Packers Insider: Thumbs up to Brett Hundley, down to tight end moves
THE BIG PICTURE
The Packers finally proved they can win a game without Aaron Rodgers, springing what Las Vegas odds-makers deemed an upset by beating the lowly Bears 23-16. At 5-4 and with the mediocre Baltimore Ravens (4-5) coming up next Sunday at Lambeau Field, the Packers — no doubt surprisingly to some — still have a shot at staying in playoff contention long enough for Rodgers to possibly return in the season’s final weeks.
There would be other pivotal plays, but the one that made it clear this could be the Packers’ day came midway through the second quarter with Green Bay leading 10-3. The Bears seemed about to tie the score after running back Benny Cunningham took a Mitch Trubisky pass and rumbled down to just shy of the goal line. Bears coach John Fox challenged the ruling on the field, claiming that Cunningham had scored by extending the ball and touching the pylon. Replay revealed that Cunningham actually lost possession of the ball as he reached for the pylon, and possession went over to the Packers on a touchback.
After being matched up against All-Pro counterparts in Drew Brees and Matthew Stafford in his first two starts, Brett Hundley was on more even footing Sunday with the Bears starting rookie quarterback Trubisky. But this was Hundley’s first start on the road, never an easy assignment particularly against an archrival. Playing in a steady rain and without his top two running backs in the second half due to injuries, Hundley made big plays when he needed them and, most importantly, once again avoided turning the ball over. He made two terrific throws to Davante Adams, one going for a 19-yard touchdown and another for 42 yards on third and 10 late in the game that enabled the Packers to keep running down the clock. Hundley completed 18 of 25 passes for 212 yards and a touchdown, with no interceptions and an impressive passer rating of 110.8.
Much of the usual Packers-Bears buildup was overshadowed last week by the shenanigans involving Martellus Bennett, who ripped the Packers and their medical staff after being released with a failure to disclose injury designation, and then rejoined the New England Patriots. Burnett’s absence meant more opportunity for the only other tight ends available, Lance Kendricks and Richard Rodgers. Each made one catch (for 17 total yards) and provided serviceable blocking, but it’s clear the Packers no longer have the big-play, field-stretching ability at the position provided last season by Jared Cook. General manager Ted Thompson’s decision to bring in Bennett instead of bringing back Cook looks worse by the day.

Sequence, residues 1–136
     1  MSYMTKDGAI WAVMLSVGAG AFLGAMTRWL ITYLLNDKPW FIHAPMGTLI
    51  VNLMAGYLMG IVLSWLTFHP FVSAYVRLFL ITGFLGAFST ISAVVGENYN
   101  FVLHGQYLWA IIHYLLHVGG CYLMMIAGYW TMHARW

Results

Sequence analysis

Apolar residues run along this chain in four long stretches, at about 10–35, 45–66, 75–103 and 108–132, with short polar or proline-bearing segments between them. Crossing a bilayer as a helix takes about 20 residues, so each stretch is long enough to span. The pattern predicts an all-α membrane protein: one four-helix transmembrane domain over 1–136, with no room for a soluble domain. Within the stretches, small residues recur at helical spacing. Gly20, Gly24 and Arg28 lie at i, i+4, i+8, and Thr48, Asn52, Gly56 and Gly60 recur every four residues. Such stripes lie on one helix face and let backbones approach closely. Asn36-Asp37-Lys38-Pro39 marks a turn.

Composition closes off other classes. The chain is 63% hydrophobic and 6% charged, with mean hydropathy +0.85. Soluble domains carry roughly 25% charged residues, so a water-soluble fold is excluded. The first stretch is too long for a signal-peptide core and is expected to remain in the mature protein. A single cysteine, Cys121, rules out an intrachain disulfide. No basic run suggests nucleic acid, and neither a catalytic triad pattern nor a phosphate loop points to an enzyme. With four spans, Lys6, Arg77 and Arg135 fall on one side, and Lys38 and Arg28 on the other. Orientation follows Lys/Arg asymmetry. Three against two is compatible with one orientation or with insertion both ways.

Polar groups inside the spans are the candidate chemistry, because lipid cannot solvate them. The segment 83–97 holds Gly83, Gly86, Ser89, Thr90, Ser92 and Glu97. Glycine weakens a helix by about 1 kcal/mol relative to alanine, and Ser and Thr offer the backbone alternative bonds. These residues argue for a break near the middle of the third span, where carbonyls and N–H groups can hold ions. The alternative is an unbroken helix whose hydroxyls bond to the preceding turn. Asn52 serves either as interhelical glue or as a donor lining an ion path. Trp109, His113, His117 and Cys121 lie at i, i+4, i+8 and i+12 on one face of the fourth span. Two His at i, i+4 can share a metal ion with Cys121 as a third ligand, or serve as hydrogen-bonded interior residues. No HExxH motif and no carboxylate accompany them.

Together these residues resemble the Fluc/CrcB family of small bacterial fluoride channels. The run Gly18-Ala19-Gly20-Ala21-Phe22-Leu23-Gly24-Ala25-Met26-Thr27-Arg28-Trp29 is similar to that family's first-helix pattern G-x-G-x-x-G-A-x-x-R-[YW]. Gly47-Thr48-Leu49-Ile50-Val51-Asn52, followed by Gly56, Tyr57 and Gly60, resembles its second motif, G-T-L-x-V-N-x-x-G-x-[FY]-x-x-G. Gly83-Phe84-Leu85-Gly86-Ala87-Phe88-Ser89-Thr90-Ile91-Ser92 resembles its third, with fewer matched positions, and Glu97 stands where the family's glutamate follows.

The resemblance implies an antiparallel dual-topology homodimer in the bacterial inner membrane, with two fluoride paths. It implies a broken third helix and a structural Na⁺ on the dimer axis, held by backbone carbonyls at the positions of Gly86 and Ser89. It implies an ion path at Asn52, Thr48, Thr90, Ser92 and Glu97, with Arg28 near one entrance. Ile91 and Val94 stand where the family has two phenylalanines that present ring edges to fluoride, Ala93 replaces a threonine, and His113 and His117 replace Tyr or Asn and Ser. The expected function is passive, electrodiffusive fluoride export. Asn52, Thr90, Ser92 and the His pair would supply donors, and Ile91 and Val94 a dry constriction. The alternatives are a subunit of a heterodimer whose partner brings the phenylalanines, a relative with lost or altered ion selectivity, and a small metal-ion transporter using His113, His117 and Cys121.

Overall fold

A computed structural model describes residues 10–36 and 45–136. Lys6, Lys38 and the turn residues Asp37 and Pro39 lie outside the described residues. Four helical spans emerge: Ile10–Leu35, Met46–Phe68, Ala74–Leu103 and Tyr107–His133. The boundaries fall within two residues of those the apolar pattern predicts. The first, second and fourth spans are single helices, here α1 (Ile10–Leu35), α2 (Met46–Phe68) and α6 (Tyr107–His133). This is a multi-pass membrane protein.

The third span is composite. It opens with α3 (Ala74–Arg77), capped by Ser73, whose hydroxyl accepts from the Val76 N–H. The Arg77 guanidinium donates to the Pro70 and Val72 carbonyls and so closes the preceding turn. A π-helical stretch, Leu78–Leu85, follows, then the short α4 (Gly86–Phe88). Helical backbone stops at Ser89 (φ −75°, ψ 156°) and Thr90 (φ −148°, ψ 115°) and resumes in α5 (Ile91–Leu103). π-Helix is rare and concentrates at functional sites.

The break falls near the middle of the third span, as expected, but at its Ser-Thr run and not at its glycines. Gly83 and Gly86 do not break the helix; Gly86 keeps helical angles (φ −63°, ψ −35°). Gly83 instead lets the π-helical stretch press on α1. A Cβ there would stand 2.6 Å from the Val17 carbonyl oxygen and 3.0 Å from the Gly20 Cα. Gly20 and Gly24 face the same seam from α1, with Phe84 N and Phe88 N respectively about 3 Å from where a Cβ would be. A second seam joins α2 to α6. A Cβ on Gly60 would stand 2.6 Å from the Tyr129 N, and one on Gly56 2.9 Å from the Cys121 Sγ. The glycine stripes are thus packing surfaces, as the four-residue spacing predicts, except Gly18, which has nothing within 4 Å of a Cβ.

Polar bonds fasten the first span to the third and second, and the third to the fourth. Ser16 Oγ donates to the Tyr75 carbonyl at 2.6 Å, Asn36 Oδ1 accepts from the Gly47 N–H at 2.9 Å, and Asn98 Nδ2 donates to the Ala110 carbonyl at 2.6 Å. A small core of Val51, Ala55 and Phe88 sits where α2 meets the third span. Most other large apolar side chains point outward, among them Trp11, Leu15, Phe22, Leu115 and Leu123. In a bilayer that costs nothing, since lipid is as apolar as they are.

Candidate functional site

After being benched against Detroit for pass-blocking lapses, Aaron Jones looked primed to perhaps put up a third 100-yard rushing game after gaining 12 yards on his first three carries. But a knee injury soon ended his day. Next up was Ty Montgomery, who burned the Bears in Chicago last season (162 yards and two touchdowns) and did it again with a 37-yard TD run in the second quarter. But on the Packers’ final series of the first half, Montgomery aggravated a rib injury suffered in the first meeting this season with the Bears. That ended his day and left rookie Jamaal Williams as the only active running back. Williams delivered a workman-like effort, carrying 20 times for 67 hard-earned yards. One of those carries produced a first down on fourth-and-1 on a drive that ended with a field goal. Williams gained all but two of the team’s 26 yards on that drive. Going forward, he figures to get plenty more opportunities.
When the Packers hosted the Bears in September, Adams left the field on a gurney after taking a vicious hit from linebacker Danny Trevathan. With Trevathan sidelined by injury this time around, Adams — who acknowledged last week that he needed to make some plays — came up big with the two huge pass receptions from Hundley. Adams finished with five catches for 90 yards and made it clear that Green Bay does indeed still have a deep passing game.
Jordy Nelson made only three catches for 20 yards, but came up big on three consecutive plays that resulted in the Packers’ first touchdown. On a poorly thrown deep ball from Hundley, Nelson drew a questionable pass-interference penalty against Bears cornerback Prince Amukamara that put the ball on the 50-yard line. After making a 14-yard reception two plays later, Nelson then made a key block on Bears safety Eddie Jackson that helped spring Montgomery on his 37-yard TD run. Whether it was Nelson blocking or Randall Cobb taking direct snaps and carrying the ball four times for eight yards, Packers receivers contributed in multiple ways.
The Packers' offense needs all the help it can get from special teams, one reason that Trevor Davis has been aggressive in returning kicks out of the end zone. But against the Bears, Davis fielded a punt in the end zone rather than letting it go for a touchback. He was brought down short of the 10-yard line. Holder Justin Vogel mishandled a snap on Mason Crosby’s 35-yard field-goal attempt that would have sealed victory with just over a minute remaining. The resulting miss gave the Bears one final — but ultimately unsuccessful — opportunity.
BITS AND PIECES
• Outside linebacker Nick Perry chalked up a career-best three sacks, becoming the first Packers player to accomplish that feat since A.J. Hawk against the Ravens on Oct. 13, 2013.
• Defensive lineman Mike Daniels recorded a sack for the first time since Week 1 when he took down Trubisky at the start of the second quarter. The Packers had five sacks and seven quarterback hits.
• By sweeping the Bears this season, the Packers extended their lead in the NFL’s oldest rivalry to 96-94-6. The Packers improved to 18-7 against the Bears under coach Mike McCarthy (regular season and postseason).
• Attendance at Soldier Field was announced as 61,285 tickets distributed, with an actual crowd of 55,661 on a soggy day.